The Chancellor George Osborne is requiring that each government department publishes later this year its business plans, setting out the details of its reform plans, in particular:
- vision and priorities to 2014-15
- a structural reform plan, including actions and deadlines for implementing reforms over the
next two years
- key indicators against which it will publish data to show the cost and impact of public
services and departmental activities. The Treasury says that this section will be published for consultation to ensure that the Government agrees the most relevant and robust indicators in time for the beginning of the Spending Review period in April 2011.
Osborne also said that £2bn will be spent on setting up the "Universal Credit" which will replace the current system of means-tested working age benefits with an integrated payment over the next two Parliaments.
One unanswered question is: will the £2bn to be spent on Universal Credit mean large sums for the usual IT suppliers despite the aim of the Cabinet Office to promote innovation and the work of IT SMEs?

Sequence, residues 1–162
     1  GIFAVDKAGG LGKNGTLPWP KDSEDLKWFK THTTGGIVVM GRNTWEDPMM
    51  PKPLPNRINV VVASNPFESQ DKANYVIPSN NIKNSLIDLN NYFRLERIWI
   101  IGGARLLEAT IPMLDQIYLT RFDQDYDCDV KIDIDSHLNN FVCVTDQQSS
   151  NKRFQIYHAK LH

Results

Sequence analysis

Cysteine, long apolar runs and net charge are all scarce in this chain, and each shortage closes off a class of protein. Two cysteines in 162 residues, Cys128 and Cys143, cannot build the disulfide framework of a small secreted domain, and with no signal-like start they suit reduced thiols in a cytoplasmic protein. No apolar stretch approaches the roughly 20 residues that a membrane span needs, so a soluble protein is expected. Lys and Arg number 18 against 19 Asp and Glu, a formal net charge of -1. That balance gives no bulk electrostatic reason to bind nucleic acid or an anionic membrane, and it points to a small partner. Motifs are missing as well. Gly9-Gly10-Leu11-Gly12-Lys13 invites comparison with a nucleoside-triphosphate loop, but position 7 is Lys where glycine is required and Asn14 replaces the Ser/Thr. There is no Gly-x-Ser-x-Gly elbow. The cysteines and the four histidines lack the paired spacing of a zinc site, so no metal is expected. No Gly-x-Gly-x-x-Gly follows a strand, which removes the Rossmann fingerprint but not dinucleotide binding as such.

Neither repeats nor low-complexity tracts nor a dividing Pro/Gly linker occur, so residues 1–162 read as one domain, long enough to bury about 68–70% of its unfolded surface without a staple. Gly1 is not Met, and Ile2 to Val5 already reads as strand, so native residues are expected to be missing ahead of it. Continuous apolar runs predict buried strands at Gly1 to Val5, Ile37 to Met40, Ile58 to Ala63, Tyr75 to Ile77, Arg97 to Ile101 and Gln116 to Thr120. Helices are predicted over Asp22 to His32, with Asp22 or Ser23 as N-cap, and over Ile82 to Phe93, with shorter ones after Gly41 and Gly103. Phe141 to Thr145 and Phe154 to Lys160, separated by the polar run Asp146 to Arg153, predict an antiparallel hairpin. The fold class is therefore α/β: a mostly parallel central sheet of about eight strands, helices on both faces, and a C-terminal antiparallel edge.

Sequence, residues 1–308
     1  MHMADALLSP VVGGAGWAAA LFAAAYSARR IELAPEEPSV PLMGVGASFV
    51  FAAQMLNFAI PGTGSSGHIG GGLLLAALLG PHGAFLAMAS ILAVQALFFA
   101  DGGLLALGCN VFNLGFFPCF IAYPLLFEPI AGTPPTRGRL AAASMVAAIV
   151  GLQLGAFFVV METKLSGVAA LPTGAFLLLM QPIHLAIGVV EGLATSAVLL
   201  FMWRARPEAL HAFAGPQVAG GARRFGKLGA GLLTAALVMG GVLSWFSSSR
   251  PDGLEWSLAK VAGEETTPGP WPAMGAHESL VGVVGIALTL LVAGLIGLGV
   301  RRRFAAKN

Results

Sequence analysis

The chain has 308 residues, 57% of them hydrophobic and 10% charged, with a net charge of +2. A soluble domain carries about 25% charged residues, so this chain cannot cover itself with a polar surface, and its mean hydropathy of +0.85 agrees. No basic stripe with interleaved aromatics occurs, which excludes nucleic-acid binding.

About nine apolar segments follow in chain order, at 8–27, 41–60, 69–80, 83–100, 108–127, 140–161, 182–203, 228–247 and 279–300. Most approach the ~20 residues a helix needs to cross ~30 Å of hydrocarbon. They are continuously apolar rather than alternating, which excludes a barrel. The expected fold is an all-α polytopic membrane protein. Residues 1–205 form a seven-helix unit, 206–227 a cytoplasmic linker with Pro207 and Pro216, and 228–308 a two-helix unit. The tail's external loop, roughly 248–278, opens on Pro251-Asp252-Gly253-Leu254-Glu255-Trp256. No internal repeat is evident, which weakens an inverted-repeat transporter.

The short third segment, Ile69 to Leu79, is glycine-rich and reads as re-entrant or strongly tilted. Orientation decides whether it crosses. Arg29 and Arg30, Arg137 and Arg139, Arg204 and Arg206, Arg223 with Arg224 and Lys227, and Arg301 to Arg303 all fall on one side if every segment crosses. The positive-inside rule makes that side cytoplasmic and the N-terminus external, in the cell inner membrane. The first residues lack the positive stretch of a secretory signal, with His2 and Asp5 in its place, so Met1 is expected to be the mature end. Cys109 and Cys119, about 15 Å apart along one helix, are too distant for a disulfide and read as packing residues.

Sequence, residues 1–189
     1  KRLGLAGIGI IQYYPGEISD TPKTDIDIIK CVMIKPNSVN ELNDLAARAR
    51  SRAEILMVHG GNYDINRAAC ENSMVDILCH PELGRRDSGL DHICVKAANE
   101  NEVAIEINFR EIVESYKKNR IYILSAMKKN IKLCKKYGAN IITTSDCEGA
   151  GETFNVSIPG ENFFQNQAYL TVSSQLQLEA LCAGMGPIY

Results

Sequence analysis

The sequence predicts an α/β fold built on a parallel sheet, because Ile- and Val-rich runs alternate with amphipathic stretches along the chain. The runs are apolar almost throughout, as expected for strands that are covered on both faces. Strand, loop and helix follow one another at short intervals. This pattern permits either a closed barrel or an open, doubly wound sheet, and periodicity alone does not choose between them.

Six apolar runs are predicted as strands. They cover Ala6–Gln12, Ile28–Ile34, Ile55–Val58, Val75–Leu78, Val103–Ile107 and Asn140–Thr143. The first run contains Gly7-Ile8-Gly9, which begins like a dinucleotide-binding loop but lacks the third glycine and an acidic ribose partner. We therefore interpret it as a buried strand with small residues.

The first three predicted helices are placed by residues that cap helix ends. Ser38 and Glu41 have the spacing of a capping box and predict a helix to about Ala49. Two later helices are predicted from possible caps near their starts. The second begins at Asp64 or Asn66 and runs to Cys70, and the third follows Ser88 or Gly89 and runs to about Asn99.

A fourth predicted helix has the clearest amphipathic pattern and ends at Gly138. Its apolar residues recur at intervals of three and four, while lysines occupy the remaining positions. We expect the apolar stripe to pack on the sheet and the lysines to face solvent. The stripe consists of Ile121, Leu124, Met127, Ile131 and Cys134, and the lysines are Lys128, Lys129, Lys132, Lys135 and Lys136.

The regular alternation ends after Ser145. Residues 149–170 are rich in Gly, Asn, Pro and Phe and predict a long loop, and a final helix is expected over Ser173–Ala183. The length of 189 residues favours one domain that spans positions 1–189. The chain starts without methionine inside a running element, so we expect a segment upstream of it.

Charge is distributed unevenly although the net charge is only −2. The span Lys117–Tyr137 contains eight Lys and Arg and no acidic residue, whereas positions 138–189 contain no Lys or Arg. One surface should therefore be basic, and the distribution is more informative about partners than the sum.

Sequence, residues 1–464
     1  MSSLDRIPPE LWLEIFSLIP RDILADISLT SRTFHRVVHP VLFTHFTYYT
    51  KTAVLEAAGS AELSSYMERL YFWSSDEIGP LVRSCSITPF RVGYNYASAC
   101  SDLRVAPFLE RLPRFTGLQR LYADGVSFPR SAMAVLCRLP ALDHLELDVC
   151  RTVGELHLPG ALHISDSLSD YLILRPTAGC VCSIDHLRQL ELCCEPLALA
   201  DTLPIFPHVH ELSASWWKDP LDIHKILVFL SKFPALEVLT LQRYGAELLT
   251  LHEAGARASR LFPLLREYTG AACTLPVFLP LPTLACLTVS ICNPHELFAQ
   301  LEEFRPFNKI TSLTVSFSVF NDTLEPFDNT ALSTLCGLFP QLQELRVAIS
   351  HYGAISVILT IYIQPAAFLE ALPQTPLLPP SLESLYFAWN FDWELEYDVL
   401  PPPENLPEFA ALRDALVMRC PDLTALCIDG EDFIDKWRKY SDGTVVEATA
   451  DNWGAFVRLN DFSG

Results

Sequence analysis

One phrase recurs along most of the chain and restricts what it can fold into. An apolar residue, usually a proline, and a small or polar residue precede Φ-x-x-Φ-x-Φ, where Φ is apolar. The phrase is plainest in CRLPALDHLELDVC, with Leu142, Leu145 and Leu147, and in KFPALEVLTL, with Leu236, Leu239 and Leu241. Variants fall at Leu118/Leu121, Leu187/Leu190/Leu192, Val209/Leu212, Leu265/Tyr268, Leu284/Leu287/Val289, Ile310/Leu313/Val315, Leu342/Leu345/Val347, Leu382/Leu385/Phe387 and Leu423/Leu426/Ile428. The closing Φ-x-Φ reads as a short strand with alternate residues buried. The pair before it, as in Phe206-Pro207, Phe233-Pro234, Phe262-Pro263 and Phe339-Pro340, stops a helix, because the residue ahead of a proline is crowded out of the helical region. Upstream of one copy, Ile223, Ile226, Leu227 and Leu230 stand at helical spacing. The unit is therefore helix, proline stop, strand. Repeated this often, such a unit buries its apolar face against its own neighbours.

Or to put it more bluntly: will welfare cuts help subsidise some of the big IT companies?
The Spending Review document published today says that the NHS will need to make efficiencies to deal with rising demand from an ageing population and the "increased costs of new technology".
HM Revenue and Customs
The document further says that HM Revenue and Customs "will invest in new technology to improve risk assessment capability, better join up taxpayer information and streamline internal processes".
"Savings [at HMRC] will be maximised from IT and other procurement contracts and administration costs will be reduced by a third with reductions in the size of corporate services and back office support functions".
Police resource funding is being cut by 14% in real terms by 2014-15. Savings will be made from "efficiencies in IT, procurement and back office functions, as terms and conditions of service are reviewed ..."
UK Border Agency
The UK Border Agency will be expected to save around £500m by reducing the costs of
support functions, estates and IT.
Spending on new IT and court projects "will be limited to essential capacity".
There will be an expected overall resource savings of 26% in real terms on DWP’s core budget by 2014-15, in part through "greater use of digital services for processing benefits".
The document says:
"Data sharing with other departments will facilitate streamlined processes that reduce costs to government and save time for customers. For example the ‘Tell Us Once’ project will ensure customers only have to report a birth or bereavement to one government agency."
Public sector unions say they launch a "massive campaign" against the cuts, possibly including strikes.